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Java Programming [Archive] - creating a work queue
This topic has 6 replies on 1 page.

Posts:86
Registered: 11/16/01
creating a work queue  
Jul 27, 2004 7:19 AM



 
Hello everyone,

I need some quick pointers on an architecture for a work queue.

I have a connection class, which has a socket binded to a server. I RECEIVE work packages from the server, and have to SEND back the results over the same socket. There is quite a bit of processing involved, and I receive about 2 - 3 million such packages per day.

In the connection class I have a NIO socket that does the receiving, and I would like to pass all the packages to a non-coupled handler. The handler must then take these packages and create a thread to process each request. When the result comes back to the handler, it must pass it back to the connection class, and using the same socket that I am receiving on, must send the response back.

Now I need queues between the connection class and the handler class for receiving and sending. Sometimes I receive packages too quickly to process and must queue them. I would also like to queue the responses that go back to the connection class.

How can I create a "standalone" queue that each class can just go look at and retrieve\put work, but abstract enough that each class does not have to instantiate it. Ideally, I don't want the handler to know about the connection class and vice versa.

Any pointers to a simple patter \ architecture would be welcome.

Thanks!!!

Brendan

 

Posts:349
Registered: 1/8/04
Re: creating a work queue  
Jul 27, 2004 7:50 AM (reply 1 of 6)



 
You may want to take a look at the command pattern. Google has many, many links.

The command pattern is all about queueing and processing commands. It's not at all unlike what you are describing. It has nothing to do with networking, though (not directly anyway), so you can handle that issue separately.
 

Posts:31,095
Registered: 4/30/99
Re: creating a work queue  
Jul 27, 2004 8:00 AM (reply 2 of 6)



 
For "architecture" you could use a LinkedList. The producer (the connection class) adds tasks to the end of the list, and the consumer (the handler class) removes them from the beginning of the list. Suitable synchronization is required of course.
 

Posts:49
Registered: 5/6/04
Re: creating a work queue  
Jul 27, 2004 8:20 AM (reply 3 of 6)



 
This might work for you:
http://www.developer.com/java/data/article.php/10932_3296821_1

Also, in 1.5, er 5.0, a Queue becomes part of the Collections interface:
http://java.sun.com/j2se/1.5.0/docs/api/java/util/Queue.html
 

Posts:86
Registered: 11/16/01
Re: creating a work queue  
Jul 28, 2004 1:31 AM (reply 4 of 6)



 
Thanks,

It's not the actual queing that is giving me problems, I have that sorted out.

The real issue I have is creating a class that is totally decoupled from the other class. How would such a class look?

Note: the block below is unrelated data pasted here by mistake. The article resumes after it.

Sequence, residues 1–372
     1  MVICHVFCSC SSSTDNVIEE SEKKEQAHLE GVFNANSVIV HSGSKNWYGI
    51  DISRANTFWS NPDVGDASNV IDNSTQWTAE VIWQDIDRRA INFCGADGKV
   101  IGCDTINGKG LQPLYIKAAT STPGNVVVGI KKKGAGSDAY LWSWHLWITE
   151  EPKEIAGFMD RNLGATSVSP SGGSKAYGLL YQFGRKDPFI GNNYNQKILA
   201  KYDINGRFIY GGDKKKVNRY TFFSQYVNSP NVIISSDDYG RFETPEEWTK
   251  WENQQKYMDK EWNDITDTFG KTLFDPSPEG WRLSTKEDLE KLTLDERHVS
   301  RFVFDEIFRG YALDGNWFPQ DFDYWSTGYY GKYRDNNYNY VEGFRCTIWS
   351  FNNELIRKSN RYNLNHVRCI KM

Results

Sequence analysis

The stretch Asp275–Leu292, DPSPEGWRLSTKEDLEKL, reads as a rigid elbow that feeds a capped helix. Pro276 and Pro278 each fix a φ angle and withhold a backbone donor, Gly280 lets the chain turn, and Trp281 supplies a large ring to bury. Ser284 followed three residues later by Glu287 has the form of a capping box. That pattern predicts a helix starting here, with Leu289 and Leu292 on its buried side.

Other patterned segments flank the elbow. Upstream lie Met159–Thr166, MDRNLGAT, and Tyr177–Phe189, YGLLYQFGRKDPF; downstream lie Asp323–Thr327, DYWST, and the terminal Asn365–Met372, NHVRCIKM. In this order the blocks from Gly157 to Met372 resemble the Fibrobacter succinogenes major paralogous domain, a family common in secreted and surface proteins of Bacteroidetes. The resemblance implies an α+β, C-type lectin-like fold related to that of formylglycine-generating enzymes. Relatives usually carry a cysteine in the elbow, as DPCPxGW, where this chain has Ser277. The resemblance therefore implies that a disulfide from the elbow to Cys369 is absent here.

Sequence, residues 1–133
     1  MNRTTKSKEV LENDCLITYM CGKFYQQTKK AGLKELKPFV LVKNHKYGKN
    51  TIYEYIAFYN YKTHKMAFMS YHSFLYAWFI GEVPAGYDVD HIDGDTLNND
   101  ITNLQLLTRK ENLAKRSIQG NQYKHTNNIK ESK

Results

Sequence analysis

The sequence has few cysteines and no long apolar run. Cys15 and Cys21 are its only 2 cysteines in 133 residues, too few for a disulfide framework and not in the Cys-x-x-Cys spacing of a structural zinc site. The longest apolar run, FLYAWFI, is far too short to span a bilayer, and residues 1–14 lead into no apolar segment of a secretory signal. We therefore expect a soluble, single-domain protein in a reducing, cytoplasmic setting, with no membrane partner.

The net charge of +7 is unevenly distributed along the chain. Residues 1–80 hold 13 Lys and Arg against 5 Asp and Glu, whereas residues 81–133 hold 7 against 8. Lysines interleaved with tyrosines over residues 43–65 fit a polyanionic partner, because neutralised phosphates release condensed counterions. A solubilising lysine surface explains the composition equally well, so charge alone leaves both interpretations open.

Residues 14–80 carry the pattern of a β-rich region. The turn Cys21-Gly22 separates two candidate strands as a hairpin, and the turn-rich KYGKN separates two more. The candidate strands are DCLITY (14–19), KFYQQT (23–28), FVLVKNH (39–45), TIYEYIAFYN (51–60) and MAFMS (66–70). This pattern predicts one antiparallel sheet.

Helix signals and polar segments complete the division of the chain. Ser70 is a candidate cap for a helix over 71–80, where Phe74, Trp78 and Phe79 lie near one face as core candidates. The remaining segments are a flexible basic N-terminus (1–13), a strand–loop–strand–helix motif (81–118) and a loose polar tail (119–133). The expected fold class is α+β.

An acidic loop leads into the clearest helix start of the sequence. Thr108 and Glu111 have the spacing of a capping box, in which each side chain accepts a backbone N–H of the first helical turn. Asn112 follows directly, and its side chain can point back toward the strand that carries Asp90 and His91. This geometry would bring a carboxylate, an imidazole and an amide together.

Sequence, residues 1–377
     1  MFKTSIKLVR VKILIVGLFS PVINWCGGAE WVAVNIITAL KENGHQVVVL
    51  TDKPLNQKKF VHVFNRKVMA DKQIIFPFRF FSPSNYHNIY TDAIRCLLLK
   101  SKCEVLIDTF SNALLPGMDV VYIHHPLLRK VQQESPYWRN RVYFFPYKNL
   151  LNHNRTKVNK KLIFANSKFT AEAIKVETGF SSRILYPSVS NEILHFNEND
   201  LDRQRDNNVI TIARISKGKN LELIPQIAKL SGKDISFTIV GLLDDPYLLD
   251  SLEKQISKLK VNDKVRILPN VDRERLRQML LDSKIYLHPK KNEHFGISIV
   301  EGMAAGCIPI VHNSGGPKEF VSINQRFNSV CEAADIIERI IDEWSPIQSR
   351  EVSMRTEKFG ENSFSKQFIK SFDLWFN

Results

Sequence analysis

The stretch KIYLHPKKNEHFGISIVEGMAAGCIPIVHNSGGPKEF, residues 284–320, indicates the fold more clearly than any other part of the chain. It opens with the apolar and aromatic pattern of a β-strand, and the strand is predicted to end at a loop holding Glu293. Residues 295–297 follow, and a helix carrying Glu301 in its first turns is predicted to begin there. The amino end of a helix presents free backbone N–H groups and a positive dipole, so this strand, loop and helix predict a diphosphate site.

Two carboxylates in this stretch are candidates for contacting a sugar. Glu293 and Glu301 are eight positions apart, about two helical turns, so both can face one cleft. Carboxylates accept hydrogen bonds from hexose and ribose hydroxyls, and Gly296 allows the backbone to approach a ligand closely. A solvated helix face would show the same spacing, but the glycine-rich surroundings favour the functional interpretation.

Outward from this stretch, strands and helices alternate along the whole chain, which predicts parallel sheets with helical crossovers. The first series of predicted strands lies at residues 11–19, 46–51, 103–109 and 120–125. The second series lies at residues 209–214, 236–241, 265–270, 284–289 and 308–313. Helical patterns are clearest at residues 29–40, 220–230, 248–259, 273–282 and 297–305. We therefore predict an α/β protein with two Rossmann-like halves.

Thanks
 

Posts:3,081
Registered: 2/15/99
Re: creating a work queue  
Jul 28, 2004 3:53 AM (reply 5 of 6)



 
I'm not sure I see the problem...
public class WorkQueue{    // If you prefer, make everything non-static and stash a static WorkQueue somewhere    private static LinkedList queue = new LinkedList();     // Work receiver thread calls this    public static void addWork(WorkItemOrSomething work)    {        synchronized (queue) {            queue.add(work);            queue.notify();        }    }     // Worker thread calls this; waits if no work available    public static WorkItemOrSomething getWork()    {        synchronized (queue) {            while (queue.isEmpty()) {                try {                    queue.wait();                } catch (InterruptedException e) { /* ignore */ }            }            return (WorkItemOrSomething) queue.removeFirst();        }    }}

For a real industrial strength solution, you shouldn't use an in-memory data structure, but rather a database or JMS. An in-memory implementation loses work and results if there is a crash, power outage, ...
 

Posts:3,081
Registered: 2/15/99
Re: creating a work queue  
Jul 28, 2004 4:01 AM (reply 6 of 6)



 
The handler must then take these packages
and create a thread to process each request.

One thing to consider: imagine you get a sudden burst of 1000 work requests. Do you want to:

- Start 1000 threads, one for each request (ouch!)

- Start 10 threads, and at any time have only the 10 threads doing work (easy: start the 10 threads at program startup, and have all call WorkQueue.getWork() above. The threads will automatically "compete" for the work items, and notify() will randomly pick one of the threads as the lucky winner.)

- If work is CPU-bound, perhaps just have the "handler thread" do it directly, with no extra threads.
 
This topic has 6 replies on 1 page.